Chester A. Arthur

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  • Chester Alan Arthur Accomplishments

    Chester Alan Arthur became the 21st President of the United States in 1881 and served a four-year term up until 1885. Arthur’s presidency is often overlooked and his reputation was neither good nor bad. Although he was an accidental president and in a time of distrust in the political system, Arthur surpassed expectations when he calmed the nation and helped end the corrupt political system that brought him to power. Chester Arthur was born on October 5, 1829 in Fairfield, Vermont to Malvina and Reverend William Arthur. Throughout his adolescents he moved around the northeast frequently from Vermont to New York state in his father’s effort to find a permanent parish. Reverend William Arthur traveled with his family until he found a church in Union Village, New York where his wife and eight children would eventually settle. Chester was fifteen when he enrolled at Union College to study Greek and Roman classics, as most undergrads did at the time. After college, Arthur was a teacher at a local school and studied law for several years. He found an interest in law and in 1854 he set out to become a lawyer and passed his bar exam. Arthur began to work for a…

    Words: 869 - Pages: 4
  • President James Giteau's Spoils System

    Unfortunately, it took the tragedy of the assassination of a president to realize there was an issue in government with the current system of fulfilment of government jobs. It shed light on the fact that there was unrest over those who got selected for the position. Once President Arthur was inaugurated, he began to pass laws to solve the issue starting with the Pendleton Civil Service Act. Twelve O’Clock, September 20 1881. Garfield's successor, President Chester A. Arthur, is sworn into…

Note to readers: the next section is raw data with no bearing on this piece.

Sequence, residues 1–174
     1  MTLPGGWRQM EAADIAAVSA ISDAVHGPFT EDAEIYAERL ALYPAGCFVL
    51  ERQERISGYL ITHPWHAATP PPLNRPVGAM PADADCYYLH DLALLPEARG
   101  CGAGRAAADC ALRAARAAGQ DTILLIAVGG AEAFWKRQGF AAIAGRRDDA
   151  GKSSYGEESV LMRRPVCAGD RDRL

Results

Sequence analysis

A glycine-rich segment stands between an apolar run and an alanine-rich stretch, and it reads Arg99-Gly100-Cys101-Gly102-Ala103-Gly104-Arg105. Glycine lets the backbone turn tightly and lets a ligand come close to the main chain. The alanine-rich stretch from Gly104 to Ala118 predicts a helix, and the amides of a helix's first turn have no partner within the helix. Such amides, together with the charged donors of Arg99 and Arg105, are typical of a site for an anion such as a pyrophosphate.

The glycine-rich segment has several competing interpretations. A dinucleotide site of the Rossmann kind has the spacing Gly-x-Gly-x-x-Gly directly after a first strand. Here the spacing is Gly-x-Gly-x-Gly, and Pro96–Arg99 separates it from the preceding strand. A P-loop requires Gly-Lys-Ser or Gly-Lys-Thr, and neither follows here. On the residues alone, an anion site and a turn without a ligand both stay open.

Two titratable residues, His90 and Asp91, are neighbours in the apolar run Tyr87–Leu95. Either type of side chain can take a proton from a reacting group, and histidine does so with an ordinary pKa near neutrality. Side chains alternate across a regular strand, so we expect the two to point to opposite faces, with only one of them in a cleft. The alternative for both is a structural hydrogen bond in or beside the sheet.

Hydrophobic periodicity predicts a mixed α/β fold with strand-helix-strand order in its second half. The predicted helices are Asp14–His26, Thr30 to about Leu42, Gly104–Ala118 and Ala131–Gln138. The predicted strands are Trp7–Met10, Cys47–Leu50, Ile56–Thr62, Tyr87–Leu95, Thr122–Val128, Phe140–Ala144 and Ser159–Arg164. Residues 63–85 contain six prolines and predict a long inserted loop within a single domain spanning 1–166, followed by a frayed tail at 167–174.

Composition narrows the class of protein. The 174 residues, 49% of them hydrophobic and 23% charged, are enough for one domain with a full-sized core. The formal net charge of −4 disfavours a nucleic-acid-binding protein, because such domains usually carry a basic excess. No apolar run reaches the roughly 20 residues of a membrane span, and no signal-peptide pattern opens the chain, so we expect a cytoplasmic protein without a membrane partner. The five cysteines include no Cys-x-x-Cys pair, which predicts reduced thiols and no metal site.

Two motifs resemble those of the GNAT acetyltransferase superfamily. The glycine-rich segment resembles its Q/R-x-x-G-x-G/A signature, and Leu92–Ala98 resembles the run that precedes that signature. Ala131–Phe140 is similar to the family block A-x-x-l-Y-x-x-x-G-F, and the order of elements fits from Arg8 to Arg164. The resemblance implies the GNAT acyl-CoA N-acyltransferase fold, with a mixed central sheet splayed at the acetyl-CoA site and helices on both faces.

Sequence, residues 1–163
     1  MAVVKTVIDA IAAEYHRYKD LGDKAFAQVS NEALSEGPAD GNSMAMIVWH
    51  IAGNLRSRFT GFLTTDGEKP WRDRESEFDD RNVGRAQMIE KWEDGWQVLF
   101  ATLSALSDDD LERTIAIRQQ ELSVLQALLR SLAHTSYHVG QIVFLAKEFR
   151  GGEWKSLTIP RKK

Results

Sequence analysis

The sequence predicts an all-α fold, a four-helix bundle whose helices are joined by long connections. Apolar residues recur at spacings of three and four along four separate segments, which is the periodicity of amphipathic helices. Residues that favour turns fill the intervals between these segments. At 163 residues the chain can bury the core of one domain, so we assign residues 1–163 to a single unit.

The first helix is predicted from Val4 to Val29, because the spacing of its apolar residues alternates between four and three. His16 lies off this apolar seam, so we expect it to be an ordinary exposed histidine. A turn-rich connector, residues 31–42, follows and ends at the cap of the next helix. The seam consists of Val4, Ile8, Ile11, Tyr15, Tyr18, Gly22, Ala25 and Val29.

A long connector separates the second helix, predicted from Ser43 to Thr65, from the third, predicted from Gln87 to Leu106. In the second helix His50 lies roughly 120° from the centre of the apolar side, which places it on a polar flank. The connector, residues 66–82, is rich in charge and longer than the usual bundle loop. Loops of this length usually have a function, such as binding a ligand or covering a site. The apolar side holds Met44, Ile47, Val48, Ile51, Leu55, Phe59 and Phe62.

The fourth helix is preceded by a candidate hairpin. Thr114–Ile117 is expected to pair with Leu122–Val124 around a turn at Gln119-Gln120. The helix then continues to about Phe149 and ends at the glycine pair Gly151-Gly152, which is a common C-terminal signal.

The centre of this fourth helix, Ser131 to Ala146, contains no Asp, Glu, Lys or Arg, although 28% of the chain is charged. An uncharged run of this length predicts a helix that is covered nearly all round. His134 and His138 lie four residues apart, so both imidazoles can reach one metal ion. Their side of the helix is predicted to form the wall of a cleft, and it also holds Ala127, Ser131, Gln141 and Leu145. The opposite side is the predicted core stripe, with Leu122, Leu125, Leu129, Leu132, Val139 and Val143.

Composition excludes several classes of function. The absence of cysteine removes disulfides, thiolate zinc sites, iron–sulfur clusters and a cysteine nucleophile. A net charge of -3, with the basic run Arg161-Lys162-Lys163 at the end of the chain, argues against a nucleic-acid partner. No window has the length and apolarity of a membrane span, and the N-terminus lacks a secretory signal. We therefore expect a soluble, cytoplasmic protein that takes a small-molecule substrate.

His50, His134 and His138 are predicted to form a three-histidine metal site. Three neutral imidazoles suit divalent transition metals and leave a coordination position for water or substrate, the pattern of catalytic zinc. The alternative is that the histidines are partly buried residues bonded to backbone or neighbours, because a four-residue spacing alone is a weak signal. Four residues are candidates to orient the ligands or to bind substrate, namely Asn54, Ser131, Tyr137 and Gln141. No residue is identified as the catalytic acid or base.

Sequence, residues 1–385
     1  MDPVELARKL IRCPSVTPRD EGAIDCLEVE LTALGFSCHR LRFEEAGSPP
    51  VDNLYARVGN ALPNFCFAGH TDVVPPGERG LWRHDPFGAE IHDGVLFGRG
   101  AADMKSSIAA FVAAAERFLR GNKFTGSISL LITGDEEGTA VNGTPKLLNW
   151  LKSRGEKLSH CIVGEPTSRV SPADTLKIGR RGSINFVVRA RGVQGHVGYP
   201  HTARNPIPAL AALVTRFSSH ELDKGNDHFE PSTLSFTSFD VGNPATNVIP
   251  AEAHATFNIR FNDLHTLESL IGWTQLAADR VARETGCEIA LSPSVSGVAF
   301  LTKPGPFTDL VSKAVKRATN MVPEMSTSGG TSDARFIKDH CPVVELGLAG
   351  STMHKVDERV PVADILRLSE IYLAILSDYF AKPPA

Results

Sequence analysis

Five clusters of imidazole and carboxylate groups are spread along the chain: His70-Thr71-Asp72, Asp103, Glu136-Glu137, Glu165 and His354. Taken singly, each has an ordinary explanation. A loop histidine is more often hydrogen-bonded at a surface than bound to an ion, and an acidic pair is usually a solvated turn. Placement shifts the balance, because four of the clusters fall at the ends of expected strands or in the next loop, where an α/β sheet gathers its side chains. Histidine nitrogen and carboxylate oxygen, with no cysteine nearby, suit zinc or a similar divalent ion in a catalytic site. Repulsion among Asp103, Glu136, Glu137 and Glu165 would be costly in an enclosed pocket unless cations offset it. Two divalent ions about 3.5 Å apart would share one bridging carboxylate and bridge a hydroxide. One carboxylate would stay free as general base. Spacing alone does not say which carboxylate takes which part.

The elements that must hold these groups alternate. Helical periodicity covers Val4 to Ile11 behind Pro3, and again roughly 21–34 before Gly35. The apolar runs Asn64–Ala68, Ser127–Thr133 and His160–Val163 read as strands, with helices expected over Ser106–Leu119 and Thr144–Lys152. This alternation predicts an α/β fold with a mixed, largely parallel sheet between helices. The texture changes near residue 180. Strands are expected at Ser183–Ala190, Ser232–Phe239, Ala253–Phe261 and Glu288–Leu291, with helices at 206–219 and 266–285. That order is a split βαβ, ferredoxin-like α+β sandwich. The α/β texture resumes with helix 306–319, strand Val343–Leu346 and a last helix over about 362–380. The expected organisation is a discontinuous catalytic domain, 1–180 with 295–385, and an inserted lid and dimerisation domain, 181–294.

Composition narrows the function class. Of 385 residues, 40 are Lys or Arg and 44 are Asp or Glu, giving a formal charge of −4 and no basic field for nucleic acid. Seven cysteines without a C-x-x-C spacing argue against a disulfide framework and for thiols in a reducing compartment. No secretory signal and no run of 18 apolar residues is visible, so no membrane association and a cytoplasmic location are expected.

Words: 720 - Pages: 3
  • John Sherman American Dream

    status that gave him the power to control the world around him. People did not need to obey him, but felt obligated to do so, because of his wealth and reputation. Another example is Winfield Scott Hancock, the Democratic nominee, who had a powerful socioeconomic status as a war hero, allowing him to rise quickly in the world of politics. However, he “had never held an elected office and was perceived to have little more than clouded understanding of his own platform” (68). Despite having no…

    Words: 1345 - Pages: 6
  • James A. Garfield's Presidency

    James A. Garfield: One of the Lost Presidents of the United States Not every president served an exact four or eight year presidential term. For example, Grover Cleveland served two consecutive four year terms. Franklin D. Roosevelt served three four year terms and died during the beginning of his fourth. William Henry Harrison only served a month. “James A. Garfield only served 200 days” (Freidel and Sidey).” That means that Garfield’s term was only about six months long. And yet, not every…

    Words: 1266 - Pages: 6
  • Analytical Essay: James Garfield's Life And Death